Please be advised that due to changes relating to Covid-19, the Report + Support team are unable to offer face-to-face meetings until further notice. Existing reports will still be monitored; and we shall aim to respond to new reports as soon as we can. 

If you are in immediate danger or are seriously injured, you can call 999 (or 112 from a mobile). If you’re in an emergency situation and need police help, but can’t speak call 999 wait for the operator then press 55 the operator will then transfer the call to the relevant police force as an emergency. For non-emergency calls, dial 101.

Information on other kinds of support can be found on the Support page. Answers to questions relating to Coronavirus (COVID-19) can be found on the University’s dedicated webpages:


Online harassment can be defined as the use of information and communication technologies by an individual or group to repeatedly cause harm to another person
This may involve threats, embarrassment, or humiliation in an online setting. This includes expressions of discriminatory attitudes and beliefs—such as sexism, racism, xenophobia, homophobia, transphobia or ableist prejudices. It also includes online sexual harassment, cyberstalking, and image based sexual abuse or other unwanted online conduct of a sexual nature. 
Online harassment is also known as cyberaggression, cyberbullying, cyber-harassment, cyberhate, cybervictimisation and deviant online behaviour. It takes place in contexts such as social media (Facebook, Instagram, Snapchat, TikTok, and Twitter), SMS, instant messaging (via devices, email provider services, apps, and social media messaging features) and email.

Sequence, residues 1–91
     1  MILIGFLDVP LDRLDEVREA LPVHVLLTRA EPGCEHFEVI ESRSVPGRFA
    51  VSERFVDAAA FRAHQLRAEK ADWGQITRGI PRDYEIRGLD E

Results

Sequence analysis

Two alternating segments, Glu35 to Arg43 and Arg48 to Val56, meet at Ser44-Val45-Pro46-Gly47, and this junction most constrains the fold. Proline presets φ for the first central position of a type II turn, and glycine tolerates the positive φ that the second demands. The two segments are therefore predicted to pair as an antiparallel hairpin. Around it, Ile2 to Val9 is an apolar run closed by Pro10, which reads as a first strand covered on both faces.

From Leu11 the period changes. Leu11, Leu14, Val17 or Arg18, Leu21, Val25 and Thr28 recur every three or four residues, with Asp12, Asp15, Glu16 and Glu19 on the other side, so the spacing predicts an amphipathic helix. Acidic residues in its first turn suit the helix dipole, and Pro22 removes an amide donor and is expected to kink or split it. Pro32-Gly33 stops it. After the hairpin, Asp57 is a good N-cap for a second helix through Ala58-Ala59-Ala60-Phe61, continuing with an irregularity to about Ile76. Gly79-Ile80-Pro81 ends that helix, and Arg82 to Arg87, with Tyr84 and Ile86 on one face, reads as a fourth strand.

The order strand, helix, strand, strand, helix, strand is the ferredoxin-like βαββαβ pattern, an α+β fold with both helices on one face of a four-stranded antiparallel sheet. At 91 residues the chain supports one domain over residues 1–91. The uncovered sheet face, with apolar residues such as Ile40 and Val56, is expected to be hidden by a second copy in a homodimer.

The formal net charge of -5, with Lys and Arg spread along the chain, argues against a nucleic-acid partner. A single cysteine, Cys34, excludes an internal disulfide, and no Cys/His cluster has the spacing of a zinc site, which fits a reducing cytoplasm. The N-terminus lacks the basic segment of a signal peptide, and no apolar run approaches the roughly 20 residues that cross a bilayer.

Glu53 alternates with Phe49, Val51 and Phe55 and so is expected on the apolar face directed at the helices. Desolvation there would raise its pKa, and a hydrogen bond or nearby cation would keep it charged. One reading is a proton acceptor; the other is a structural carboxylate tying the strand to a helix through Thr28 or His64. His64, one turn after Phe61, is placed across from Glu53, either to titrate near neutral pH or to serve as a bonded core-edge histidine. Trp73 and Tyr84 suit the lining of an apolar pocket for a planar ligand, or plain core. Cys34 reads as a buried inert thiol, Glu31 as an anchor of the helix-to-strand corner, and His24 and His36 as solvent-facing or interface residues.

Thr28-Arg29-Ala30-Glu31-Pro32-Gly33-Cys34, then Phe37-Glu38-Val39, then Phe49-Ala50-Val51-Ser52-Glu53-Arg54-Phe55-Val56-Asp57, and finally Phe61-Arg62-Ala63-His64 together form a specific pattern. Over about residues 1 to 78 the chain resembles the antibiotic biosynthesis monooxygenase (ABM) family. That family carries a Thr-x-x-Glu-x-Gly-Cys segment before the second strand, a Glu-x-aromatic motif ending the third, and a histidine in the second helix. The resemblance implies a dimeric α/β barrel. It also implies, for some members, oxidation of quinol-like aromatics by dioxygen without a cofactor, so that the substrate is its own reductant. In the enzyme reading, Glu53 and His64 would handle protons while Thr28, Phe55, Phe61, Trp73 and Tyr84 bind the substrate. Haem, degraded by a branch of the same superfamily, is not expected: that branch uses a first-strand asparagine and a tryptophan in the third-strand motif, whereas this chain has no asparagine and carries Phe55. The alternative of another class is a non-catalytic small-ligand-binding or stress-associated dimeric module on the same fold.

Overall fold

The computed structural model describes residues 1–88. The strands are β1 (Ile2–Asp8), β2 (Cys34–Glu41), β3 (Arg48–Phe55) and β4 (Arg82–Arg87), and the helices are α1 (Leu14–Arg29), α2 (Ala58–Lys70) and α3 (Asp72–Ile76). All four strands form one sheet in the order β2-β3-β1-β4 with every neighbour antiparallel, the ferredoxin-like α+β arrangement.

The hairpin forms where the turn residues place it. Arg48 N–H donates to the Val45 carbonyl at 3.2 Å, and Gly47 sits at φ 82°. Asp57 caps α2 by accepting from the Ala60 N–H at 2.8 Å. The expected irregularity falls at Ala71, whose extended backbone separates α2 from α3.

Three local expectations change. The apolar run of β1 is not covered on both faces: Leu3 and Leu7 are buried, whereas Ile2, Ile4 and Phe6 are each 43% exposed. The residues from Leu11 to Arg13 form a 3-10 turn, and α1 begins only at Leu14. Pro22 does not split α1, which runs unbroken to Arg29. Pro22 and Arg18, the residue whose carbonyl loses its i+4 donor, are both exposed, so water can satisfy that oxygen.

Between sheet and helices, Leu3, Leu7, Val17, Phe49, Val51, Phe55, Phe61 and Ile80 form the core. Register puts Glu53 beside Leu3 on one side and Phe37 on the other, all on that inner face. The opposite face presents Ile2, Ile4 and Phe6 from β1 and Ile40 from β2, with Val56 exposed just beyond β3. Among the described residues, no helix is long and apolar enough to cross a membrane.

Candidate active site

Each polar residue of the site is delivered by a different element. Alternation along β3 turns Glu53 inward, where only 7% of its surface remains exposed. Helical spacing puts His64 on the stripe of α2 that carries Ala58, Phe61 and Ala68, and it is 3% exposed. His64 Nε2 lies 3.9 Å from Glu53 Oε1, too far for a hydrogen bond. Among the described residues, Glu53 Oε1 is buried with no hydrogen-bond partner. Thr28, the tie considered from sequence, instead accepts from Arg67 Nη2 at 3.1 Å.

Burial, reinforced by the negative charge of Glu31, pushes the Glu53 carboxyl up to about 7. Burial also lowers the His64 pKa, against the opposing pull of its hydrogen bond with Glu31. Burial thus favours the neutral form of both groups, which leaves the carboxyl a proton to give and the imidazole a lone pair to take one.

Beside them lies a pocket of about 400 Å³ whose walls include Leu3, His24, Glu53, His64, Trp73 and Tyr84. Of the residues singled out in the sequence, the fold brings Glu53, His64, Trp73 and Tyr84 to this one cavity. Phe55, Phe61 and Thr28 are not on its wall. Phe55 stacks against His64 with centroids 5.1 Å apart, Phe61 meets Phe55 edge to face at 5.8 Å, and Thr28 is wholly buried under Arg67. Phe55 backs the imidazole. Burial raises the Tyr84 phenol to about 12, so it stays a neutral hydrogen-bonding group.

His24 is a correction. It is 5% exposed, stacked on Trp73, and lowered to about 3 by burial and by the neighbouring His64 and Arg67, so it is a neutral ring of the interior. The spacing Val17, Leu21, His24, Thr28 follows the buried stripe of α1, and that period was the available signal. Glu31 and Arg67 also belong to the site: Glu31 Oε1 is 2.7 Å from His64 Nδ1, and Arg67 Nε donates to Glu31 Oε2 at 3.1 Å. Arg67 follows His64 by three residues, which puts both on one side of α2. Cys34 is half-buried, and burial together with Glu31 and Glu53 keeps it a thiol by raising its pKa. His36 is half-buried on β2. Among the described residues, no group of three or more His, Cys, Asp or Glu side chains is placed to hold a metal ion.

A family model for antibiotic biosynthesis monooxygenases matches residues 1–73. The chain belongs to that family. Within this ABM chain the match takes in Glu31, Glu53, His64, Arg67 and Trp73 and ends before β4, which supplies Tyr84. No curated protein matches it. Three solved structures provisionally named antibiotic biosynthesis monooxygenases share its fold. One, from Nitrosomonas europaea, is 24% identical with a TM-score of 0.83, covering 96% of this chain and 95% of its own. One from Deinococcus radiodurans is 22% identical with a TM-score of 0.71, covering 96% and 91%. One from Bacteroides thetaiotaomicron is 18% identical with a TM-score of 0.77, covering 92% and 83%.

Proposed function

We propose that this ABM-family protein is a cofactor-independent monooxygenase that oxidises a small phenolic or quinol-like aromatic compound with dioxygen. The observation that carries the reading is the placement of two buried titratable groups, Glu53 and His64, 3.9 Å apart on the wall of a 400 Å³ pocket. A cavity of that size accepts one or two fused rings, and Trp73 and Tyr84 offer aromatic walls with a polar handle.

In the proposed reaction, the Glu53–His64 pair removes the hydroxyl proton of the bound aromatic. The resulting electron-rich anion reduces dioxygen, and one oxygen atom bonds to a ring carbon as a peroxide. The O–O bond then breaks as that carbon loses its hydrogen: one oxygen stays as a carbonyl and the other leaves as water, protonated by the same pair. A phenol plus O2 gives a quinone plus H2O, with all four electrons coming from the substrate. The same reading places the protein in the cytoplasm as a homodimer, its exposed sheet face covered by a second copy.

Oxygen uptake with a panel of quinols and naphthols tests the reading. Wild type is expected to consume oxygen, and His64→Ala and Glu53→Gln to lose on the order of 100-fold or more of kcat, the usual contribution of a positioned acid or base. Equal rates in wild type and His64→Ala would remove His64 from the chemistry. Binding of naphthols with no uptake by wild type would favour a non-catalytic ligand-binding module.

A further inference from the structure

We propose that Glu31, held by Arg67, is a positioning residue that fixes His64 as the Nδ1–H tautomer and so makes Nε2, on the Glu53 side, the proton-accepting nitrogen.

• spreading rumours, ridiculing, and/or demeaning others
  • harassing others because of their race, religion, sexual orientation, disability or transgender identity
  • seeking revenge or deliberately embarrassing a person online
  • engaging in unwanted behaviour of a sexual nature via text, email or other electronic and/or social media including using intimate images or recordings of another person
  • impersonating others, even through their own accounts, with malicious intent 
  • sending inflammatory, inappropriate, rude and/or violent messages or comments about someone to provoke responses from other users
  • exposing others to unwanted or offensive content in digital groups or meetings 


The kinds of unwanted behaviours described above can provoke a range of physical, psychological, and emotional effects: 
  • stress, anxiety and/or panic attacks
  • loss of self-esteem
  • feelings of powerlessness
  • changes in sleep and eating patterns
  • hypervigilance and increased anxiety
  • fear for personal safety
  • reduced academic and professional performance

There are two ways you can report something